Take A Deep Breath Now, And Try To Start Your Car

ONE of the most casual and horrifying traffic fatalities on the Eastside is the moral ballast behind a proposed law that will change the way drunken drivers are treated in Washington.

Casual and horrifying describes the death of Mary Johnsen, who was walking with her husband, Keith, along a road on the Sammamish Plateau when Mary, 38, was struck by a car and thrown 146 feet. When Keith Johnsen got to her, he tried to resuscitate his wife but, as he testified later, he knew she was gone.

His testimony to the court is one of the most heartbreaking you'll ever read. Johnsen said it was about 7 on a Saturday evening in July when he and his wife went out for their usual walk, one they had taken often for 10 years. When the green minivan struck Mary, her hand was pulled out of his. He ran after the car, waving his hands, but it didn't stop. When he got to his wife, there was no life in her eyes, and his breath, blown into her body, could not revive her.

The driver was Susan West, who was just about Mary's age - 39. West later pleaded guilty to vehicular homicide, hit-and-run driving, reckless driving and reckless endangerment. When stopped by police, she recorded a blood-alcohol level of 0.34 percent. That's three times the level permitted in Washington, where a 0.10 percent alcohol level is expected to be reduced even lower to .08 percent in the coming weeks.

The tragedy of Mary Johnsen's death is entwined in the tragedy of Susan West's 20-year history of drunken driving and the legacy of a system that allowed her to drive stone-blind drunk. The sentencing judge called her case unique, and in a way it is; fewer than 200 people out of 30,000 stopped by the Washington state patrol blow higher than 0.30 percent blood alcohol. Few of us could walk with that level, let alone pilot a minivan down a highway. The judge gave Susan West nine years in prison.

Now comes Keith Johnsen together with the Eastside's Sen. Dino Rossi, R-Issaquah, proposing that drivers recording a blood-alcohol level of 0.15 percent or higher be required to install an ignition interlock system on their cars. It's part of a package of laws intended to crack down on inebriated drivers that will begin its march through the Legislature when the new session begins Jan. 12.

In addition to the ignition lock, the bills would allow impoundment of vehicles of drivers operating vehicles with revoked or suspended licenses; suspension of license for 90 days for the first DUI conviction and increasing jail time and penalties three times what they are now. Pretty tough stuff.

I support the package and I hope you will, too, even though the interlock system is bound to be caught up in questions about effectiveness and legality.

The Ignition Interlock device backed by Rossi and others requires a sober driver, there's no other way to describe it. Before the car will start, the driver has to blow into a breathing tube and hum at the same time. The humming foils blowing stored air into the tube. After the car starts, the device requires a driver to blow into the tube at random times so that starting the car with another person's breath won't work. Starting the car and then letting it run while you stop in at a bar won't work either.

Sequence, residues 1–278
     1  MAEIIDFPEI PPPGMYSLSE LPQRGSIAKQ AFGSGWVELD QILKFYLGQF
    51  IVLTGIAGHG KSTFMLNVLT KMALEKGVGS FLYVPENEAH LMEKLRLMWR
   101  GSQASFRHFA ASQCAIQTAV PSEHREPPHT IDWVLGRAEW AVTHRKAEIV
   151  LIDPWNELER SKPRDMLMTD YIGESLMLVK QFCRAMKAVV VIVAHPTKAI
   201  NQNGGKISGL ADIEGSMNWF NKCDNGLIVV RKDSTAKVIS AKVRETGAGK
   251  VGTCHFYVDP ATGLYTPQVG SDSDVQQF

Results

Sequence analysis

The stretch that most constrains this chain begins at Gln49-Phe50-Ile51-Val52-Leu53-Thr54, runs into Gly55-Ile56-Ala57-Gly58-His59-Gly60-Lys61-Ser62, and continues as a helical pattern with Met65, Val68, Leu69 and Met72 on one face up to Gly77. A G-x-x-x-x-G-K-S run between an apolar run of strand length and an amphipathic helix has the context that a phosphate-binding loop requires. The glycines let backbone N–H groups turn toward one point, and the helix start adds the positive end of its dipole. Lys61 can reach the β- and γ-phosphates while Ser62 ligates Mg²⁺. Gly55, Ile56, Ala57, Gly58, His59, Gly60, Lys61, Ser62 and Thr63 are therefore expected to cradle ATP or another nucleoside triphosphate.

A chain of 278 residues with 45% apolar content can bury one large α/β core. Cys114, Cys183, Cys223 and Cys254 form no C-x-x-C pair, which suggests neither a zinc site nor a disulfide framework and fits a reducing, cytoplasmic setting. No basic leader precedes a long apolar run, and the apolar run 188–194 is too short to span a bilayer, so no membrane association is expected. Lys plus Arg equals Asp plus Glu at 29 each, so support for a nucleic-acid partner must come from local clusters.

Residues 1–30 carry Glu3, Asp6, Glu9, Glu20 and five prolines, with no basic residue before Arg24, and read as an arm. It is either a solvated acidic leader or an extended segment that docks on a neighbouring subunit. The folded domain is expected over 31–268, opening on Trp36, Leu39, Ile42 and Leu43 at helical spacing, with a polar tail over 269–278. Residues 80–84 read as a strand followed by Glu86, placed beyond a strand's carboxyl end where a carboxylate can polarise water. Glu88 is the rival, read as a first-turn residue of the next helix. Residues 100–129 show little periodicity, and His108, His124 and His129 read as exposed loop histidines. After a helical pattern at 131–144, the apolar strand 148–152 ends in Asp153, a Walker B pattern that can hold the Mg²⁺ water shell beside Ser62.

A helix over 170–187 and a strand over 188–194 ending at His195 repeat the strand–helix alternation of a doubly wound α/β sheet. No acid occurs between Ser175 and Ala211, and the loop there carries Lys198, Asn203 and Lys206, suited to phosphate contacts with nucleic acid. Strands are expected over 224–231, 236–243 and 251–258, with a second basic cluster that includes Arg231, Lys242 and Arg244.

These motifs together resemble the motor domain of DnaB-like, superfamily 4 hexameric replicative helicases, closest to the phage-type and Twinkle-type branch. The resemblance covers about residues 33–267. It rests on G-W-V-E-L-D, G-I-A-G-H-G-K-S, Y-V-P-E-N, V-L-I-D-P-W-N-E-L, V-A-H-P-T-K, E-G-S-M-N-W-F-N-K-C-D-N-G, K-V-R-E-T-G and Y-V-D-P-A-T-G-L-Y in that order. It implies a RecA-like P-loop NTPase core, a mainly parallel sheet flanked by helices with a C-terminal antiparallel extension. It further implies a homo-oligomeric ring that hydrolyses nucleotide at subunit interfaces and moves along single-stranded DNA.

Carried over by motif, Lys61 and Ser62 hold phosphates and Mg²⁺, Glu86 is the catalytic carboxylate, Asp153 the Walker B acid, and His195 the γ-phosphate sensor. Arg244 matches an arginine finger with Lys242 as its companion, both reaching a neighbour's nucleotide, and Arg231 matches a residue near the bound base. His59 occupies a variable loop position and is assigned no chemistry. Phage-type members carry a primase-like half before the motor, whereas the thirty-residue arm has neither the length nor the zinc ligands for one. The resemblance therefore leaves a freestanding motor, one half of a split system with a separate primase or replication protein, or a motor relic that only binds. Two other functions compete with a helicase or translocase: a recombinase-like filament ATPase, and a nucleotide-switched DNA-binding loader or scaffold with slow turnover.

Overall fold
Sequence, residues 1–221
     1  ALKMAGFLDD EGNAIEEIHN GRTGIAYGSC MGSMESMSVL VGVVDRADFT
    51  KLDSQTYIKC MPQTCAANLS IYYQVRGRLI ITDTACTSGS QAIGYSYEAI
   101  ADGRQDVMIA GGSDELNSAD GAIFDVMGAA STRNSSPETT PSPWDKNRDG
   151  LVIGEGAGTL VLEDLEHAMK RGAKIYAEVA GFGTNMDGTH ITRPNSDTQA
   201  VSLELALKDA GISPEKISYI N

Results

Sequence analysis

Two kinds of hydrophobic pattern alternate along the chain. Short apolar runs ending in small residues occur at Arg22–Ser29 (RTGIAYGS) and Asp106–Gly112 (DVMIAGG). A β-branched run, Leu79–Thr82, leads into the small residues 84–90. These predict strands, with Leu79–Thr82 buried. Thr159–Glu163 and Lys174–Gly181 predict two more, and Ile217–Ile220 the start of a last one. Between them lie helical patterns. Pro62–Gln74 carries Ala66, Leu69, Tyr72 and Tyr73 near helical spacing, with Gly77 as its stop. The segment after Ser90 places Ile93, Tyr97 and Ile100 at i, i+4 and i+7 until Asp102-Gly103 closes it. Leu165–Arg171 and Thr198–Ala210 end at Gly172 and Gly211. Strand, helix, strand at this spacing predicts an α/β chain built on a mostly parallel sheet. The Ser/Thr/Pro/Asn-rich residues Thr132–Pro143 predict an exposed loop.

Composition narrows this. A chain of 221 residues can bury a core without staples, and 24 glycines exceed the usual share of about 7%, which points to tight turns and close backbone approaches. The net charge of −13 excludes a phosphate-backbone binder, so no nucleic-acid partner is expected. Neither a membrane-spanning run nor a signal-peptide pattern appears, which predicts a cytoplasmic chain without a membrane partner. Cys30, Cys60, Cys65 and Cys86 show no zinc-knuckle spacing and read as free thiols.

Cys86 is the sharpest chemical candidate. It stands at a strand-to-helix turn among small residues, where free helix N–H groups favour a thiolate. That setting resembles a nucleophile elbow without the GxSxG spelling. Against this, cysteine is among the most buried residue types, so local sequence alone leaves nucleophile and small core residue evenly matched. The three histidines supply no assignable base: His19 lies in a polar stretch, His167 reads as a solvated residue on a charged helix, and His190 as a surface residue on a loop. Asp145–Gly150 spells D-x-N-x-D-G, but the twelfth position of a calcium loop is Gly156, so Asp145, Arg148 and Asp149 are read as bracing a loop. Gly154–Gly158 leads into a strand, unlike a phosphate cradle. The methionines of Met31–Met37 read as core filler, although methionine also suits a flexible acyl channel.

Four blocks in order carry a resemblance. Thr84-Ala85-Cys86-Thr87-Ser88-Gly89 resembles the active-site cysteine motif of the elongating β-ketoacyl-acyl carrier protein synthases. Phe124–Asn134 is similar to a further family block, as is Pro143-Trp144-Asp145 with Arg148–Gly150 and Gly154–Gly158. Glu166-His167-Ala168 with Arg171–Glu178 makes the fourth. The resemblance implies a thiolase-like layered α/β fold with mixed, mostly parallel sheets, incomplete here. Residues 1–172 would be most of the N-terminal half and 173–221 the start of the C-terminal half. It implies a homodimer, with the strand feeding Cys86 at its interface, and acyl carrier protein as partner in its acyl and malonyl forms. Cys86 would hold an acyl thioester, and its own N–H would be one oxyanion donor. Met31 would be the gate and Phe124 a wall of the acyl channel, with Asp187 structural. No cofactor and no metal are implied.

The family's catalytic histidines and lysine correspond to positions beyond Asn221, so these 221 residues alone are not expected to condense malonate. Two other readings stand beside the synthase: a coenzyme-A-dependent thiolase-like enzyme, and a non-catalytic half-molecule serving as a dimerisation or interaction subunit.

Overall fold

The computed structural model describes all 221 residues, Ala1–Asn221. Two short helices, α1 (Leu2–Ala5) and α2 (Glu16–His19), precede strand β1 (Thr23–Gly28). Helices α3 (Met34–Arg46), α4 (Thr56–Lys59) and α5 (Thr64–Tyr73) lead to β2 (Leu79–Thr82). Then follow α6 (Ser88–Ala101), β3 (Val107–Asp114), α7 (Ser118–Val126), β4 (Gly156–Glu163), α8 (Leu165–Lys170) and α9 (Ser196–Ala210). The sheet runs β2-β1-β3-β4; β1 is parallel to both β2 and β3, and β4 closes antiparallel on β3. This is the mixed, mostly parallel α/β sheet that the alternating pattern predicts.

No doubt, a clever driver can foil the system somehow, but the barriers to that are high and beyond my abilities. The device I saw shut down if the user had taken some aerosol breath freshener, because of its residual alcohol. Cost to the driver is $2 a day rental for the device plus installation charges, which the state may pay in some cases. About 3,000 drivers are estimated to blow as high as 0.15 in the state at any one time, meaning the company could have 3,000 customers in Washington.

This time of year, we get bombarded with the reminders of the dangers of driving and drinking. Sometimes it doesn't stick. It didn't for nearly 20 years of Susan West's driving record, and it didn't take for the 444 fatalities nationwide that took place this season last year - including 331 DUI tragedies in Washington last year. It also didn't take for the driver who swerved across a median strip in downtown Memphis four years ago and killed one of the best guys and the best newspapermen I've ever known. He wasn't drinking that New Year's Eve, just driving home from work at the Commercial-Appeal.

We've all got our stories, haven't we? Memories of people killed or maimed, even memories of driving a little tipsy ourselves and getting home OK. Nothing wrong with a glass of good cheer at this time of year. I'm sure I'll have one myself. At the same time, I'll support a bill that keeps the highly stupid off the roads or stops them from starting a car. Think what a terrible thing it would be to have someone's hand snatched from yours by a green minivan.

James Vesely's column focusing on Eastside issues appears Mondays on editorial pages of The Times.